“To cope with the problem, the government and fertilizer makers have essentially gone back to square one.” “The goal is to make an increase in farmer prices,” industry insiders told.
Farmers pay a set price of Rs 242 per bag (45kg) for urea, which covers around 20% of the cost of production; The government provides rest as a subsidy to fertilizer companies. Due to rising worldwide costs of fertilizers and natural gas (LNG), the feedstock for the urea sector, the Center’s fertilizer subsidy expenditure is estimated to be over 1.6 trillion in 2022-23, up from around 1.5 trillion in 2021-22. While there are some concerns about fertiliser shortages In specific areas of the nation, an agricultural ministry source told FE that the inventory is currently efficient. ‘ “In collaboration with other departments, we are continually reviewing the (supply) situation,” he added.
DAP is imported in limited quantities from Russia by India. Because Russia’s supply of DAP to Europe and South America is unlikely to be affected by Western sanctions, Moscow is unlikely to sell DAP at a discount to India. DAP is commonly used in rabi crops including wheat, pulses, and oilseeds, coupled with urea.
According to a representative from a fertilizer company, the government needs long-term contracts with nations import fertilisers in the current uncertain environment. “We are in talks with a number of nations to ensure that appropriate imports are available before the planting season begins,” a ministry official said.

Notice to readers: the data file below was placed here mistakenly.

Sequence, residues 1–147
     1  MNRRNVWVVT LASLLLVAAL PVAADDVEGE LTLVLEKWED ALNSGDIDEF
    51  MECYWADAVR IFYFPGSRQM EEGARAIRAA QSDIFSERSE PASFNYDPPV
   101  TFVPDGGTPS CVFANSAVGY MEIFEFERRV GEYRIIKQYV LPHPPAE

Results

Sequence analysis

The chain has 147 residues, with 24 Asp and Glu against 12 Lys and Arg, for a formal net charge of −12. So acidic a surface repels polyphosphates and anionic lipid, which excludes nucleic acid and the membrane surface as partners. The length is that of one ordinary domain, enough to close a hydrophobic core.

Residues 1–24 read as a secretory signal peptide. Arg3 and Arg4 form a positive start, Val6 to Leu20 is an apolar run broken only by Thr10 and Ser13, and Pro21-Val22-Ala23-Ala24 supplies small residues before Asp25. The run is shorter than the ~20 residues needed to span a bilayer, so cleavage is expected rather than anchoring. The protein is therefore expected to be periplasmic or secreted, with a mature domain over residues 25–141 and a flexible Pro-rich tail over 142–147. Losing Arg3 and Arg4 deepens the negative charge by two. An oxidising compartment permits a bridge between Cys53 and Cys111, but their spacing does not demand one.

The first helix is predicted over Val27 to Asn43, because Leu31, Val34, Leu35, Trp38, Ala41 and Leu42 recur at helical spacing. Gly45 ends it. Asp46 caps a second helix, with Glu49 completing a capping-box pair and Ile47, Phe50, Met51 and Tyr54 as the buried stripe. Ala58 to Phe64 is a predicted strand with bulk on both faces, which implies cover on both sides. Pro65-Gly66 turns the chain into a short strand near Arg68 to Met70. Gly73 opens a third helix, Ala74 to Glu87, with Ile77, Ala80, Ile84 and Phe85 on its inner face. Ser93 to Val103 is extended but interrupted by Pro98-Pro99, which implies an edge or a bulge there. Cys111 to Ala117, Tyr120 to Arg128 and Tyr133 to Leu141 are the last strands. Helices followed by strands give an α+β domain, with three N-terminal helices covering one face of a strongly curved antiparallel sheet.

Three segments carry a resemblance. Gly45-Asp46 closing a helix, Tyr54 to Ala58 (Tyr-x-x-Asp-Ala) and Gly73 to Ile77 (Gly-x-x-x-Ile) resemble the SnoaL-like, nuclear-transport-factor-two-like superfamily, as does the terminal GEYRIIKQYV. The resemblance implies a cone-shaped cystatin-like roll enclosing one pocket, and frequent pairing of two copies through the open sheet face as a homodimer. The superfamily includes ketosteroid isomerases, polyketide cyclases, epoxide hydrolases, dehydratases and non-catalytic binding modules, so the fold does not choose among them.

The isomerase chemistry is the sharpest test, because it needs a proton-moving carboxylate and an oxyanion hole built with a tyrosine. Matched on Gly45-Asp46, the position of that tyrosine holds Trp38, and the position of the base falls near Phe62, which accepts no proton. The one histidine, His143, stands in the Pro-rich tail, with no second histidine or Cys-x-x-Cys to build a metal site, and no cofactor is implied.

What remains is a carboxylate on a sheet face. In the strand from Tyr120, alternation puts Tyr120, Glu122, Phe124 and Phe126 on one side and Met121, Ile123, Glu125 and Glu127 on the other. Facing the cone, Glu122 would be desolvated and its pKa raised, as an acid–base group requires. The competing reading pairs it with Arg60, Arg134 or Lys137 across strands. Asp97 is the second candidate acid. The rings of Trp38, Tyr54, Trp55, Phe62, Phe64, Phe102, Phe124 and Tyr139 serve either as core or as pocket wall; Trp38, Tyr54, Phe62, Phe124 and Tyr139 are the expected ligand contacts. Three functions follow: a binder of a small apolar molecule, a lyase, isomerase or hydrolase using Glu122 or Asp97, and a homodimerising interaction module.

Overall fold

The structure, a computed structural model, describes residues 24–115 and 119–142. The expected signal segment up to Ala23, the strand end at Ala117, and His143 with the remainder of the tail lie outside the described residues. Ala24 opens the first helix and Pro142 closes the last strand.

Indian Potash (IPL), a state-owned company, inked an annual supply of 0.6-30 million tonnes of MoP from Israel to MoP from 2022 to 2027. India and Jordan have been considering the provision of phosphatic and potassic fertilizers. General Chat Chat Lounge Subsidies on various fertilizer grades are distributed to fertilizer businesses under the fertilizer DBT system based on actual sales to farmers / buyers using Point of Sale (PoS) devices installed at each retail outlet. In 2021-22, more than 6.6 crore farmers with Aadhaar identification used PoS devices to buy fertilizer.
The Department of Fertilizers recently accepted a response to a question addressed in Parliament that “there is no scarcity of fertilizer in the country.”
“However, in the interim, certain states, notably in a few districts, emphasized the DAP deficiency.” DAP rakes were shifted to satisfy the criteria as a result of the state government’s demands, “the agency stated.
According to industry sources, India has an opening stock of roughly 9 million tonnes of urea for the current fiscal year (as of April 1), with another 8 million tonnes expected to be imported. “There is not much to be concerned about in urea supply,” a spokesman from the sector stated. DAP’s opening stock is about 0.9 million tonnes, and it is widely used for rabi crops. The expected demand for both seasons is over 4 million tonnes, which will be met by local production and imports.